Renewable Energy Foundation

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Constraint Payments: Misunderstandings and Misrepresentations

REF was the first organisation to draw attention to the excessive prices demanded by windpower to reduce output (constraint payments), and the resulting publicity is in part responsible for the fall in prices, though these are still, in our view, excessive.

The wind industry has responded to this criticism by attempting to confuse the public with claims that other generators are paid more to be constrained off. This is untrue, but unfortunately was made the central argument in a piece in the trade journal, Utility Week:

The online article now carries three responses, one from REF explaining the errors in the article, one from Mr Colin Gibson, a former Power Networks Director for National Grid, and one from Scottish and Southern Energy (SSE), which is amongst the largest recipients of constraint payments through its wind farms (for example at Dalswinton, Gordonbush, Clyde, and Griffin), though, to its credit, SSE windfarms also asks some of the lowest constraint prices.

The text of REF's letter follows:

Letter to the editor: Only wind is paid to do nothing

Dear Editor: Utility Week's article misleadingly implies that generators other than windfarms are routinely "paid to do nothing". This is incorrect. Unlike wind, conventional generators are not paid extra when constrained off, but instead pay National Grid (because of avoided fuel cost).

The article suggests that in 2012/13, £162 million was paid to all generators not to generate, with only 4 per cent going to wind. However, Utility Week has conflated a) payments to conventional generators to increase output, and b) payments to wind to reduce output. This is confusing.

Furthermore, the article neglects to explain that its constraint cost figure consists of direct costs (including payments to wind) and indirect costs (confidential constraint contracts - some with windfarms, intertrip contracts, and the costs of replacing the constrained-off wind energy beyond a grid constraint). The conclusion that 4 per cent of the payments go to wind is incorrect since the full cost of constraining wind off is necessarily much larger.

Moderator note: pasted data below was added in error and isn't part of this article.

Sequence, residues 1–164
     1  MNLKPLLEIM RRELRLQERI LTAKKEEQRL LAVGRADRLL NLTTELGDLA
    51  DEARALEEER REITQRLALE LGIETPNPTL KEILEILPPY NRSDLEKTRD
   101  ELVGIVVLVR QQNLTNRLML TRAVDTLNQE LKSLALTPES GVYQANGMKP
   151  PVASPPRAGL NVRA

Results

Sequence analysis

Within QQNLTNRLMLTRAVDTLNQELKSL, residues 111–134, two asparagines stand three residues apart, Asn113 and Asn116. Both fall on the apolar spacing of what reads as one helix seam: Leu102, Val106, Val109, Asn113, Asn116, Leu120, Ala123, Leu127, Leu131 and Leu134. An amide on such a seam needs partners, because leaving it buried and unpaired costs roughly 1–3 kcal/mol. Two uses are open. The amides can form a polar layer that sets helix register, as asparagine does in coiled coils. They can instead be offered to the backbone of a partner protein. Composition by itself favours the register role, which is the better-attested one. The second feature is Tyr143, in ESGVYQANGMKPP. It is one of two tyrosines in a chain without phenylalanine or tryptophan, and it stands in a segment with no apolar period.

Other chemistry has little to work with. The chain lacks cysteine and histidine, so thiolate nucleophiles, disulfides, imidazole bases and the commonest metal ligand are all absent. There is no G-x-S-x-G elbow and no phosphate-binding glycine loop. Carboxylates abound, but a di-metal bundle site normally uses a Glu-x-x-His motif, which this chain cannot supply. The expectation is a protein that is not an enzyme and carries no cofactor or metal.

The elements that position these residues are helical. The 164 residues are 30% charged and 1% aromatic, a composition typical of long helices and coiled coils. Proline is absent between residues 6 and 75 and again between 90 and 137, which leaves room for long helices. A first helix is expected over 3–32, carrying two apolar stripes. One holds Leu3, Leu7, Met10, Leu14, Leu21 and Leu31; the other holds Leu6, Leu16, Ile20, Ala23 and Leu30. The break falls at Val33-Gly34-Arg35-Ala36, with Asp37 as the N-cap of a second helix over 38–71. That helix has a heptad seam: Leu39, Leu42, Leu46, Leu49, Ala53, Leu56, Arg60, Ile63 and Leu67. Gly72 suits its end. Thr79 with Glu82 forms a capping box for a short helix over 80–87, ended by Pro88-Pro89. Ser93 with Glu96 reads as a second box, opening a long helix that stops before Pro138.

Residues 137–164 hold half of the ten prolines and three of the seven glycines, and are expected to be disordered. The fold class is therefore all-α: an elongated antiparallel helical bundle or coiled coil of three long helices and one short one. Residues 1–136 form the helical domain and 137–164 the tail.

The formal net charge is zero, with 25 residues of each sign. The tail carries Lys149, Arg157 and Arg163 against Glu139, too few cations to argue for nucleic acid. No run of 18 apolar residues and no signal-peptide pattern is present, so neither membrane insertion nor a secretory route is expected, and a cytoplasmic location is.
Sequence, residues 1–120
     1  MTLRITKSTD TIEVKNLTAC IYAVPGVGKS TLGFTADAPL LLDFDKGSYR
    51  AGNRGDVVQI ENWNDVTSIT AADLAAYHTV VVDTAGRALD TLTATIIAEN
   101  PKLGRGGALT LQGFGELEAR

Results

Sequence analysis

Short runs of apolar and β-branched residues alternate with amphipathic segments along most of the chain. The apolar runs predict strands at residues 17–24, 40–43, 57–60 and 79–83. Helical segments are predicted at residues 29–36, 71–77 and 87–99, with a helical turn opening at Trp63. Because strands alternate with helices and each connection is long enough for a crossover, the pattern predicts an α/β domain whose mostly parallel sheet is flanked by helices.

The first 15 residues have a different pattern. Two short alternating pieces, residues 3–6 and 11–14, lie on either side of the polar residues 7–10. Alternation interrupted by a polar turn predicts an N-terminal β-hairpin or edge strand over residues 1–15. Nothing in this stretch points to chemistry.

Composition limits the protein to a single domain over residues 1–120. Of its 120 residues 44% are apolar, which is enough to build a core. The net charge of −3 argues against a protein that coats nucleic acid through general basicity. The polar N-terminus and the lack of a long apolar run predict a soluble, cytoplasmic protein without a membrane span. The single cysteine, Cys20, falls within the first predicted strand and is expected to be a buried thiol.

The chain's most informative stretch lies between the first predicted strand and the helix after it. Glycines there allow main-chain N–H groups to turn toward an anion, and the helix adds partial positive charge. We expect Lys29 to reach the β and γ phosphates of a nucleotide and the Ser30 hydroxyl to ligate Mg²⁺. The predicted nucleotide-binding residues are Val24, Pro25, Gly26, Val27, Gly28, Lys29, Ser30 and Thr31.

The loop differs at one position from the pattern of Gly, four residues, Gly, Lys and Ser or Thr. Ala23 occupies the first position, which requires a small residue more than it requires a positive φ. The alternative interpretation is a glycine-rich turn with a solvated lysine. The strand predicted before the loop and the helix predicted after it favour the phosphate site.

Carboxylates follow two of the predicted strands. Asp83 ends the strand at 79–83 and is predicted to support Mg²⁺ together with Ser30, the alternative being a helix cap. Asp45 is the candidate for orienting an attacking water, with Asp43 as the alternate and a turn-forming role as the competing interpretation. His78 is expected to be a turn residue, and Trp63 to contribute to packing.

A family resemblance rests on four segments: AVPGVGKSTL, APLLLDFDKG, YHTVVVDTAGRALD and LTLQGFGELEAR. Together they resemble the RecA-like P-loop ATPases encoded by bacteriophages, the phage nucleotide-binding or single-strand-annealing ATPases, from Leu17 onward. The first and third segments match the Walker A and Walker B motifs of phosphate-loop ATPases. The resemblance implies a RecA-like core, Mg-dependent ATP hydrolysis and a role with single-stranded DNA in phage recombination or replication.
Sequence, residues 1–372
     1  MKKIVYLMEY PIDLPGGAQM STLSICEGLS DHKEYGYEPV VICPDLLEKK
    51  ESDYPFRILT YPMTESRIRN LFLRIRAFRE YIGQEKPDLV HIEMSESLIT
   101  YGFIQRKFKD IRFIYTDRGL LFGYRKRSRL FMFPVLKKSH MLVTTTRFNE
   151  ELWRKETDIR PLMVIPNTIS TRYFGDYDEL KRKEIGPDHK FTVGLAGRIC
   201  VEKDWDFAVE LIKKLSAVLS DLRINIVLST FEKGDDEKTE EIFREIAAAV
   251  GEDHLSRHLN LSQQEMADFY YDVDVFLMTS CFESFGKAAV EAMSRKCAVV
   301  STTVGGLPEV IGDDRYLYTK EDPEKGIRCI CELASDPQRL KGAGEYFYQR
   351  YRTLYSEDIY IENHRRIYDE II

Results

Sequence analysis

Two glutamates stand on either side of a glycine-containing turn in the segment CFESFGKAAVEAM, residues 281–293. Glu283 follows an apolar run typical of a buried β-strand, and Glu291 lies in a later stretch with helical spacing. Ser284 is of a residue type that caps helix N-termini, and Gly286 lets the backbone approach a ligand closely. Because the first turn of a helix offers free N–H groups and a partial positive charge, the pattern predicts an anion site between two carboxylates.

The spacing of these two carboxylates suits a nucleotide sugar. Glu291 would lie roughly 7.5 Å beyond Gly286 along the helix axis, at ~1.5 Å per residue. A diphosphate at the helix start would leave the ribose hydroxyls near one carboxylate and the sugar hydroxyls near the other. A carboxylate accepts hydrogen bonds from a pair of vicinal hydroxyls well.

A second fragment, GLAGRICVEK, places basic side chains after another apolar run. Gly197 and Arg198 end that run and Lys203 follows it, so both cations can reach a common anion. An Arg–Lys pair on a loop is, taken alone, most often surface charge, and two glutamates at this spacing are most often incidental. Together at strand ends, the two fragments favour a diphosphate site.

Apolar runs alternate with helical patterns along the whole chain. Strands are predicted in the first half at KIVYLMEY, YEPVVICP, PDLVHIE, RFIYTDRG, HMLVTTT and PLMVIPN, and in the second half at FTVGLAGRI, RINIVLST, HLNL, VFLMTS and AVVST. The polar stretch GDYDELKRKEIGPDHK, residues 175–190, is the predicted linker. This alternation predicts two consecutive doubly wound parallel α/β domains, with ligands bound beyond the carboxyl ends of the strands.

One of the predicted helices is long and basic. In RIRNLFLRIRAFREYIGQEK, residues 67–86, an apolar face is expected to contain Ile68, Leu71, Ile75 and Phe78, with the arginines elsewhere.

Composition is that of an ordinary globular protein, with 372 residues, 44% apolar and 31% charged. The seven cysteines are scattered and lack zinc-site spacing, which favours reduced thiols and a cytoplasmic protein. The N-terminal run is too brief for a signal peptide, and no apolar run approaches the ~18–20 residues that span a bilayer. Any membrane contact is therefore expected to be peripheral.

Utility Week claims that the £7.7 million (actually £8.2 million) paid to wind power in August 2013 to reduce output was "compensation for the 91GWh they could not sell". However, wholesale income is not lost; constraint payments (over)compensate for lost subsidy. A ROC was worth £42 in 2012 while the LEC was worth about £5. Consequently, onshore wind in 2012 could defend a compensation rate of £47/MWh. In fact, wind charged an average of £113/MWh.

Average wind constraint prices have fallen to about £88/MWh in the calendar year 2013, but are still significantly higher than the lost subsidy, with a large range from windfarm to windfarm (£72-£200/MWh). This is not in the consumer interest and suggests abuse of market power.

Contrary to the implication of Utility Week, REF has not misrepresented the constraints data. Your simplistic analysis is flawed since it covers up growing volumes of constrained wind energy, excessive wind constraint prices, and the increasing direct and indirect costs of constraining wind.

Dr John Constable (director)
Dr Lee Moroney (principal analyst)
Renewable Energy Foundation

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